WITH Zimbabwe targeting a US$12 billion mining industry by 2023, concerns have been raised over the alleged leakages of the gold being mined by artisanal miners amid reports that a substantial amount of the precious metal is finding its way from Penhalonga and surrounding areas to the black market each day.
In Manicaland, gold mining activities are rampant in Buhera (Sabi Star Mine), Chimanimani (Tarka Forest), Makoni (Chinyudze), Mutasa (Penhalonga, Premier Estate, Nyamukwara and Nyakaunga Stream) as well as in Nyanga (Chisero, Nyazingwe and Nyamukondoza).
In addition to the alleged gold leakages and degradation of the environment, the aforementioned areas are now havens of criminal activities.
Investigations conducted by The Manica Post over the last fortnight revealed that the number of illegal hammer mills in Penhalonga increased from 129 in November last year to 265 as of April this year.
Cyanidation sites have been set up to process the gold at various locations in violation of Statutory Instrument 258 of 2018 (Environmental Management Control of Alluvial Mining) regulations.
Both the Secretary for Manicaland Provincial Affairs and Devolution, Mr Edgars Seenza, and Provincial Mining Director, Mr Enerst Mugandani, confirmed the illegal mining activities happening in some pockets of the province and said efforts are being made to restore order and ensure that the gold extracted is channelled to the formal market.
Mr Knowledge Hofisi, the judiciary manager for Redwing Mine which owns most of the concessions where illegal mining activities are happening in Penhalonga, was not available for a comment as he was reported to be in back-to-back meetings.
However, a research carried out by the Centre for Research and Development showed that the country is losing a lot of revenue through gold leakages.
Centre for Research and Development director, Mr James Mupumisaid: “The figure of illegal hammer mills has doubled to 265 from 129 when a joint operation was carried out by the police, Environmental Management Agency (EMA), the Mines and Mining Development Ministry and Mutasa Rural District Council late last year.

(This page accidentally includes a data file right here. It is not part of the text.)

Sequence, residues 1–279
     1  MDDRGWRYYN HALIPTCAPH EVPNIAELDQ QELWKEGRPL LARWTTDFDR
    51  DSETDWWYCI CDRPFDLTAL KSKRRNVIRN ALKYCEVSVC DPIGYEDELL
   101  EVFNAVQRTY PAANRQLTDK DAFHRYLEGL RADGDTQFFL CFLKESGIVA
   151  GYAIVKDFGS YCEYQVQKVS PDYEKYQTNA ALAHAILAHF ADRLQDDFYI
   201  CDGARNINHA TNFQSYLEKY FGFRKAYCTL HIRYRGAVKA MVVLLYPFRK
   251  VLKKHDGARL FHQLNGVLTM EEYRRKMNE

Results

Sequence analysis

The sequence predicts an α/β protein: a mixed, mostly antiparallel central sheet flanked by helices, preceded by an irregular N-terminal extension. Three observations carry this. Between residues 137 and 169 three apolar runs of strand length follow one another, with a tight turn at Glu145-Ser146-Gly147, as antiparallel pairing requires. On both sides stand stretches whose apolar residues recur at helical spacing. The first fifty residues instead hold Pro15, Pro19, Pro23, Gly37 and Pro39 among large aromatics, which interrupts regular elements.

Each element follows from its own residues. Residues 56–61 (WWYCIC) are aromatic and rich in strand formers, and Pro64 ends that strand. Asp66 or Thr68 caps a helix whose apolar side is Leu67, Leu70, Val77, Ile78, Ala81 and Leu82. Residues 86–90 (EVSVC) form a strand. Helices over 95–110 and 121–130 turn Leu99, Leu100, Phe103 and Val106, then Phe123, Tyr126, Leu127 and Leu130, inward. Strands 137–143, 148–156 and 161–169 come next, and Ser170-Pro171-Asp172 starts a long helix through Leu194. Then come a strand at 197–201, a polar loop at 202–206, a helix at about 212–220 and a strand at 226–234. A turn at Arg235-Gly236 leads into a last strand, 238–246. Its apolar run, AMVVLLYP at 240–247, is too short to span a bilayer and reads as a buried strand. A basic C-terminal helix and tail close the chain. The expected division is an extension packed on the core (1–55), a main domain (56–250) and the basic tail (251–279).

“We have gathered that gold ore is being smuggled from the Penhalonga concessions to illegal hammer mills dotted around the area. Mostly high ore samples are being smuggled. Out estimate is that at least 2000 bags of gold ore are being smuggled per night.
“Our research shows that three bags of the gold ore fill up a wheelbarrow and one can realise 10 grams of gold from that. If you do the math you will see that about 7kgs of gold is finding its way out of these concessions every night.
‘‘If supply is lower, between 1kg to 3kgs are lost every night,” said Mr Mupfumi.
However, both Mr Seenza and Mr Mugandani said it is difficult to quantity the amount of gold being lost through leakages.
“The illegal mining activities taking place across the province are a serious cause for concern.
‘‘However, we do not have actual figures of the gold being lost. What we need as a province is maximum benefits from our vast natural resources,” said Mr Seenza.
“Measures are being put in place by the Ministry of Mines and Mining Development to bring sanity to the areas through the identification of companies that will carry out proper mining. These companies will create employment for the locals and contribute significantly to the provincial and national Gross Domestic Product,” he said.
Mr Mugandani chipped in: “While quantifying the leakages of gold is difficult, we are doing everything possible to contain the leakages and ensure that sanity prevails in all mining areas.
‘‘We usually carry out joint operations with the police and EMA to flash out all illegal panners. The next operation is on the cards in the immediate future.”
When The Manica Post visited Premier Estate and Penhalonga last week on Tuesday, it was business as usual for the artisanal miners.
In Toronto, a farming area opposite Hillcrest College, a number of hammer mills were illegally processing gold ore along a stream that flows into Mutare River.
The same was also happening in Imbeza at some cyanidation sites.
Mud from the processing plant was flowing into Imbeza River, thereby polluting it and affecting aquatic life.
A number of cyanidation plants are also being set up in the area.
Africa University is doing research on the impact of artisanal gold mining activities to the environment, the community and the economy at large.
The university’s public affairs director, Mr Stephen Chikozho, said the mining activities are of interest to the institution.
“We are engaged in looking into these critical areas and developing papers that can feed into the national strategic development policy formulation processes to guarantee that as a nation, we reap the most benefit from these natural resources and in so doing, contribute positively to the realisation of Vision 2063.
“A number of our academics have already published papers on these matters and suggested solutions to some of these challenges.
“We are also seized with the usage of harmful chemicals in purifying gold. Research is being done on that area. Our engagements with the gold panning community are being done through Penhalonga Police Station,” said Mr Chikozho.